December 13, 2001
Medical Research Council autism
Department of Health welcomes authoritative report
- Health Minister Jacqui Smith today welcomed publication of the Medical
Research Council report of its detailed review of the current state of
knowledge about autism.
The report, commissioned by the Department of Health in March this year,
provides a clear picture of what scientific research has revealed about the
occurrence and causes of autism spectrum disorders (ASDs). It accepts that
autism is not as rare as previously thought but notes that the apparent
increase in prevalence of ASDs is likely to have resulted from better
diagnosis and clearer definition as well as increased awareness and makes
recommendations on the future research strategy for the UK.
Key MRC report recommendations include:
- Ensure that the experience of people with ASDs are included in research.
- More research on the definition of ASDs, especially in adults - crucial
for both future research and provision of services for those with ASDs
- The use of large population studies, which include genetic data, to
address questions about environmental risks and their interaction with
- More research on the long-term effects of ASDs and other medical
conditions associated with these disorders
Jacqui Smith said:
"We welcome the Medical Research Council's authoritative report of the
current state of knowledge of the prevalence, incidence and causes of
autism. We would like to thank everyone involved, in particular the many lay
people who contributed to the review.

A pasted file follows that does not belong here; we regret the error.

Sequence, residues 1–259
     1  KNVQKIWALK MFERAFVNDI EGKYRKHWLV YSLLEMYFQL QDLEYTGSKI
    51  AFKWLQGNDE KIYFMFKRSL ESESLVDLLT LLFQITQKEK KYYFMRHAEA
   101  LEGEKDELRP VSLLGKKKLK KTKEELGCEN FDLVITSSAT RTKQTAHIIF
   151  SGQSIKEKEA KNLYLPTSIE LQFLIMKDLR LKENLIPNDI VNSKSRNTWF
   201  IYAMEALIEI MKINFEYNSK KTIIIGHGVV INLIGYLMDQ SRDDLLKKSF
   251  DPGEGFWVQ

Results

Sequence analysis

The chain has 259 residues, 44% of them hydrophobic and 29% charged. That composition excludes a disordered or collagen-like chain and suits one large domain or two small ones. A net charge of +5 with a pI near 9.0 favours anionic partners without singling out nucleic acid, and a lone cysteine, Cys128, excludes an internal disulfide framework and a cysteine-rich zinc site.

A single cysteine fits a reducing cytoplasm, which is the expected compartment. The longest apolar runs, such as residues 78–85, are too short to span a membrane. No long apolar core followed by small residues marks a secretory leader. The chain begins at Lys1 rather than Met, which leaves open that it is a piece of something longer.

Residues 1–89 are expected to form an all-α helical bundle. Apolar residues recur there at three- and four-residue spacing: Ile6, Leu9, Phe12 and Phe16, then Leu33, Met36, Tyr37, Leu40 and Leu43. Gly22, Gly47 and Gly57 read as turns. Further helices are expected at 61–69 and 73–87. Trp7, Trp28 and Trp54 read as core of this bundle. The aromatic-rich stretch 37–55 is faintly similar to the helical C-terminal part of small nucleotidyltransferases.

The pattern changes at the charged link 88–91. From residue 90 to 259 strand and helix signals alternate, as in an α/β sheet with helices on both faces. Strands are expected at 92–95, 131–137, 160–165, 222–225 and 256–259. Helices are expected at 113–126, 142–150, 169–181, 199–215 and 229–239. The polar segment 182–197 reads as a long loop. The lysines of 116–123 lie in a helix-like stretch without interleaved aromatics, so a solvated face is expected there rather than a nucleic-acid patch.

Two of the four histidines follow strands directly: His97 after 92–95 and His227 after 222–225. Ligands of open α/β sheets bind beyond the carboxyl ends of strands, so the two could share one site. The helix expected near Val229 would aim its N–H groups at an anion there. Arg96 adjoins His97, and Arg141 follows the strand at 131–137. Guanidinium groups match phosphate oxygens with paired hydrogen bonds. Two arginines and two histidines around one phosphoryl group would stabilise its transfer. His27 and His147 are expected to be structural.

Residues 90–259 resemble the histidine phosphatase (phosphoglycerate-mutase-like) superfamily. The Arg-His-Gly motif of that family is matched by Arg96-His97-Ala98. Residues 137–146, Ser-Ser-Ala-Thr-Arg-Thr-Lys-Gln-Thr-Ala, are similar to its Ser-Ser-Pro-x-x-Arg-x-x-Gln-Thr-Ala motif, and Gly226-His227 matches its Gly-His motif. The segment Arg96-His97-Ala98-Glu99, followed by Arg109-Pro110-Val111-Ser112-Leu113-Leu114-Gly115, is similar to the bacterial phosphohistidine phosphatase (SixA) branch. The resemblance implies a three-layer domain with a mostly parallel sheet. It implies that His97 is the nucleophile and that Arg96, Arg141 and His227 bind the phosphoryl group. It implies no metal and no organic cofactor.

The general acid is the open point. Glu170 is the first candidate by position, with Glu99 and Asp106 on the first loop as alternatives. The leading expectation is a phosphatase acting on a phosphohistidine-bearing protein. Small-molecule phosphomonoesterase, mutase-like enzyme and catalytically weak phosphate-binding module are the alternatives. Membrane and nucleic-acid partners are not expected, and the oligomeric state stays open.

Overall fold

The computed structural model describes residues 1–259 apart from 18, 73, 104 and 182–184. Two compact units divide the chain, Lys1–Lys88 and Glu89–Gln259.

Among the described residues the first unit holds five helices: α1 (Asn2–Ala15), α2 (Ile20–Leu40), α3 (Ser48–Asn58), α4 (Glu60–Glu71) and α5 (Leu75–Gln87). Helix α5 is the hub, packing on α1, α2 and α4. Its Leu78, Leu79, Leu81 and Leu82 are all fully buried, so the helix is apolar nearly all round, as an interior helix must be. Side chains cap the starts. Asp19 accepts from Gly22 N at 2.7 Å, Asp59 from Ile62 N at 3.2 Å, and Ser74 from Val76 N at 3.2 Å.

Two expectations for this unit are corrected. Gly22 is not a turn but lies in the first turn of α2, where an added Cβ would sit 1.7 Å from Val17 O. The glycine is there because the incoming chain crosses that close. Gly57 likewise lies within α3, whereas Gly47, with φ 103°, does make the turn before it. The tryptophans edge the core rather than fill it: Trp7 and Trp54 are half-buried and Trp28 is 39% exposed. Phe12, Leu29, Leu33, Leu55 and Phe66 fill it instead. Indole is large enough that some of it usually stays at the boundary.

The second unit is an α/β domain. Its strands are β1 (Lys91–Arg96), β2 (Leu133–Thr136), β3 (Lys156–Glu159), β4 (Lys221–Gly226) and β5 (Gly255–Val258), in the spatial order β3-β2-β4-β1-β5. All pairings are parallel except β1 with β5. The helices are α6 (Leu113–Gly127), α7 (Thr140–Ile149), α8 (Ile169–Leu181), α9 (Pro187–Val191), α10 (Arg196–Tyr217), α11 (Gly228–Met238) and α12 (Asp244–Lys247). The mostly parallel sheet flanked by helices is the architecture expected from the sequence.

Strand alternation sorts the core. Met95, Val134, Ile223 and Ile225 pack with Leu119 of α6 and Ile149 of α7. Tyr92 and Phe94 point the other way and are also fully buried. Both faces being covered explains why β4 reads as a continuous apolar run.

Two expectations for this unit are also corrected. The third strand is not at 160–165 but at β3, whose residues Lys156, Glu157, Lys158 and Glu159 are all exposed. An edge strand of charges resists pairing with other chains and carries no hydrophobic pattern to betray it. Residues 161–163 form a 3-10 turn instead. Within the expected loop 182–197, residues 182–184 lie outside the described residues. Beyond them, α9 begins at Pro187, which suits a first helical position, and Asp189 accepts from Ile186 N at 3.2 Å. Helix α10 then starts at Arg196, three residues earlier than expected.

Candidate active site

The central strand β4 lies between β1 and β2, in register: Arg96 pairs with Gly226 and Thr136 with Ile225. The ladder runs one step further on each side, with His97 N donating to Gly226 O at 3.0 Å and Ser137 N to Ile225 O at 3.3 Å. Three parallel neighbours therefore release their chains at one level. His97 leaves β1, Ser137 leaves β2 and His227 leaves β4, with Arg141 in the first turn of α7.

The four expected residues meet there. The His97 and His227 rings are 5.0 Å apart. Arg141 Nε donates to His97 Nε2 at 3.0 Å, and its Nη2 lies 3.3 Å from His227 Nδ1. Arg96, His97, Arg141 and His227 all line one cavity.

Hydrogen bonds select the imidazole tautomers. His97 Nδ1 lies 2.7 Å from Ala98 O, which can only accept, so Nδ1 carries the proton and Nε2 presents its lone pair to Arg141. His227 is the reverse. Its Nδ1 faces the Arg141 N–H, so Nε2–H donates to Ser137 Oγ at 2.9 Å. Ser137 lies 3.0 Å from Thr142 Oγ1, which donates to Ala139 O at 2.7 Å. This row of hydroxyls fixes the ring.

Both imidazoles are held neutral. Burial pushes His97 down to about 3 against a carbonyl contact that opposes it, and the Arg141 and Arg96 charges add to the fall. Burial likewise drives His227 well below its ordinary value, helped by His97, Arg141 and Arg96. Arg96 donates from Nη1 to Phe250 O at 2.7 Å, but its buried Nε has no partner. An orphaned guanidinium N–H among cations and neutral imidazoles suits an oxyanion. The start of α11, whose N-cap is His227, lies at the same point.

"The MRC report offers a firm foundation on which further research
programmes can be built and I hope the findings stimulate the research
community to develop proposals to address the key issues raised in the
review. We will maintain a dialogue with the MRC over the implications of
this review for their research programmes.
"We note the report's conclusion that the strongest evidence to date is for
a major genetic component in causation and that we need to investigate the
interaction between genetic and environmental factors. We welcome the MRC
Group's confirmation that the evidence does not support a causal link
between MMR and ASDs. Parents should feel reassured that MMR is the safest
way for them to protect their children.
"As a Government we are committed to improving services for all people with
autism. They will benefit from a range of more general initiatives which we
are taking such as the NHS Plan, Quality Protects and the Mental Health
National Service Framework. And the National Service Framework for Children
will also address how to improve services for disabled children, including
those with autism.
"Our White Paper 'Valuing People' will directly benefit people with autism
who also have learning disabilities. By bringing together health, social
care and educational agencies, it gives us the scope to improve
opportunities and services for people across the autistic spectrum. We have
already included a statement in guidance on the implementation of the White
Paper that people with Asperger's Syndrome may require an assessment of
their social functioning and communication skills in order to establish
their level of need."